Scrutiny of Kelly increases after another Notre Dame loss
SOUTH BEND, Ind. — The coach has been defending his sideline theatrics.
The players have been defending the coach, who has kind of been throwing people under the bus while kind of taking responsibility.
The critics say there’s no defense for Notre Dame’s missteps in its ugly start under embattled Brian Kelly.
What the Fighting Irish really needed to do against Stanford on Saturday was play some defense.
Aided by three Stanford turnovers, the defense held up its end of the deal. But a pair of Irish interceptions helped Stanford rally for a 17-10 victory.
The loss puts ND (2-5), which gave up 17 unanswered points, in a deep hole.
‘‘This is a bitter pill to swallow,’’ Kelly said, ‘‘losing our fifth game now by one possession. I love those kids in there. They did everything they knew. . . . they just came up a little short again. We’re in a tough spot right now. But we’ll find a way. We’ll get through this rough spot.’’
That said, the remaining schedule looks perilous. There may be no juggernauts left, but among the remaining opponents, only losing to Army would qualify as a major shocker at this point.
Because it’s Notre Dame, and because the 2-4 start was the worst since an 0-5 start in 2007, three years before Kelly arrived, the angst has been pretty shrill.
Speculation has delved into whether the players have quit on Kelly. They sure didn’t look like they quit against Stanford. And whether ought to be fired — that’s unlikely. Kelly was given a six-year extension in January, and while things haven’t been going well this fall, Notre Dame has proven with its bad hires between Kelly and Lou Holtz that it could do worse.
ND now heads into its bye week intent on regrouping.
‘‘Everybody knows where we’re at. We’re 2-5,’’ Kelly said. ‘‘We’re going to get reminded about it by everyone in the country about a million times. I told the guys, ‘This is the no-apology zone.’ No one needs to apologize. What we need to do is coach better and execute better. That will cure a lot of things.’’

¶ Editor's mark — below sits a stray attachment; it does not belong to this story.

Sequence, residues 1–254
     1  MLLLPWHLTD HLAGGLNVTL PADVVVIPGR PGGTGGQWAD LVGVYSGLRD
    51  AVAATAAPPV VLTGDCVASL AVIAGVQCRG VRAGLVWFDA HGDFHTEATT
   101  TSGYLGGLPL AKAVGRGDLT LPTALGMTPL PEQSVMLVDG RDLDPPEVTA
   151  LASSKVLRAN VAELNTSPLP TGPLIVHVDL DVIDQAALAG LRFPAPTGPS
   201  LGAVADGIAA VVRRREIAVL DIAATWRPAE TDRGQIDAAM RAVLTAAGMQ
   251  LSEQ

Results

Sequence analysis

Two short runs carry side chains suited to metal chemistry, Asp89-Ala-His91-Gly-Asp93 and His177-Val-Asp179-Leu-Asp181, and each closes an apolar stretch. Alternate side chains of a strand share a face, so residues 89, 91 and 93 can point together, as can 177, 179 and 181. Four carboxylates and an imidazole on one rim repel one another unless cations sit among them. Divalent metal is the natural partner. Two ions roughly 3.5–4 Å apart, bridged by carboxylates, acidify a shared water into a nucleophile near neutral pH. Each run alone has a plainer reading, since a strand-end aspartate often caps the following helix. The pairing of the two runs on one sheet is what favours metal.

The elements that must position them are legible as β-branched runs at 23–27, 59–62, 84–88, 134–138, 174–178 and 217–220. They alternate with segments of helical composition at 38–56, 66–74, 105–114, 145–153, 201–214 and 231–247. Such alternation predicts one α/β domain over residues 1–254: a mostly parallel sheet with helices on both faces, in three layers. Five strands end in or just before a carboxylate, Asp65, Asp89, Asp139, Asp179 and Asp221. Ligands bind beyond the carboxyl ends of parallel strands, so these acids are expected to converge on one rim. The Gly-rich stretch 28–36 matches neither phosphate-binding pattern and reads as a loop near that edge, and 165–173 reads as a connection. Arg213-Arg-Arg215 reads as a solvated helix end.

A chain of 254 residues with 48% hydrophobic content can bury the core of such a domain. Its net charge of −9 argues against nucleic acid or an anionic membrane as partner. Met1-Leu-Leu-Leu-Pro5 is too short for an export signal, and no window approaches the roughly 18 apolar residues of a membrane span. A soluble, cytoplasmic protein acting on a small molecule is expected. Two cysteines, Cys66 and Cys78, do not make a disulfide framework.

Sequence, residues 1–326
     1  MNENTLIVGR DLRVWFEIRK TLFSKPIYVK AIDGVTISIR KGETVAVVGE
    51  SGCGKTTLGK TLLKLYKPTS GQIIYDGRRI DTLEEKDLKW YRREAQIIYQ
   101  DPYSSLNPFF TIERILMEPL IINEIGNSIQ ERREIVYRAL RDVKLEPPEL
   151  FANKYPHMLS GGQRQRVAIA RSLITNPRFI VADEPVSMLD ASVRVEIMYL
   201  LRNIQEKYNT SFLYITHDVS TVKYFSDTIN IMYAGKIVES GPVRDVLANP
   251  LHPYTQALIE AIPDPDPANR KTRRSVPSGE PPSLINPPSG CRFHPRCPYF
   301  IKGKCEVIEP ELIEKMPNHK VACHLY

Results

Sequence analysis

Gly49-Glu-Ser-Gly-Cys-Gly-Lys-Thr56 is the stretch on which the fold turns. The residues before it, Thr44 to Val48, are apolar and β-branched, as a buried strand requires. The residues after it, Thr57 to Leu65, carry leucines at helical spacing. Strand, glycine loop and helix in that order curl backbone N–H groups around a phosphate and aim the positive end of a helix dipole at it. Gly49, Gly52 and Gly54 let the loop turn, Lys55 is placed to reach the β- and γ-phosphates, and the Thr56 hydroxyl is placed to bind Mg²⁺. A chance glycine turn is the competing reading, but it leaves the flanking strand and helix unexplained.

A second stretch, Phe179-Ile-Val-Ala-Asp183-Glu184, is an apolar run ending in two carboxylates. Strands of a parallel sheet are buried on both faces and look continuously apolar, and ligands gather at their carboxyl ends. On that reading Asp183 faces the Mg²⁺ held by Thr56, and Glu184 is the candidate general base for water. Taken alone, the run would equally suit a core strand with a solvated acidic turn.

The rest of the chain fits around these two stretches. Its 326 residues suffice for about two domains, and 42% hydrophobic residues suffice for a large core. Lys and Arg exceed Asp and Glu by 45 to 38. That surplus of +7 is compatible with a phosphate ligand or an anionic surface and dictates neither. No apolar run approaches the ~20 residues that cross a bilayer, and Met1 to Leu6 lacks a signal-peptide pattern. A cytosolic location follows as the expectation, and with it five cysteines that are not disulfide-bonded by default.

Notre Dame led 10-0 after a first half that easily could have gone the other way. Despite playing without their injured star running back, Heisman hopeful Christian McCaffrey, the Cardinal moved the ball well in the first half.
Stanford (4-2) took its first lead, 17-10, with 10:38 left in the fourth quarter. Running back Bryce Love fumbled at the 1 after a six-yard run, and center Jesse Burkett recovered the ball in the end zone. Love also ran in a two-point conversion.
Those were the first points given up by the Irish defense. Stanford scored its first nine points on an interception for a touchdown and a safety.
Two turnovers, and a 47-yard field goal that bopped the top of the left upright and kicked back, helped ND open its 10-0 halftime lead.
Irish quarterback DeShone Kizer returned the favor, throwing two interceptions in the third quarter. The first was returned 50 yards for a touchdown by cornerback Quenton Meeks for a touchdown. The second, by Stanford safety Dallas Lloyd, was returned 38 yards to the Notre Dame 47, snuffing an Irish threat.
Kelly turned to backup Malik Zaire at that point, but put Kizer back in when the Irish fell behind.
‘‘Malik’s a really good quarterback,’’ Kelly said. ‘‘I thought could add some momentum. [But] I don’t think theres any question: DeShone is the starting quarterback.’’
In a way, this was the second consecutive week the Irish defense has delivered. It gave up only three points in last week’s 10-3 Hurricane Bowl loss at N.C. State.
In their three losses that weren’t played in a hurricane, though, the Irish had given up 124 points. That’s 41.3 points a game, if you’re keeping score at home.
Offense or defense, the Irish are sticking together, James Onwualu said.
‘‘A lot of teams would turn on each other, but you don’t see that with this team,’’ the senior linebacker said. ‘‘Guys are still patting each other on the back, trying to hold each other up. That isn’t found in a lot of locker rooms. You lose a game or two and you turn on each other, especially defense against offense. ‘Oh, why didn’t you score?’ There’s none of that. We’re all just trying to get better.’’
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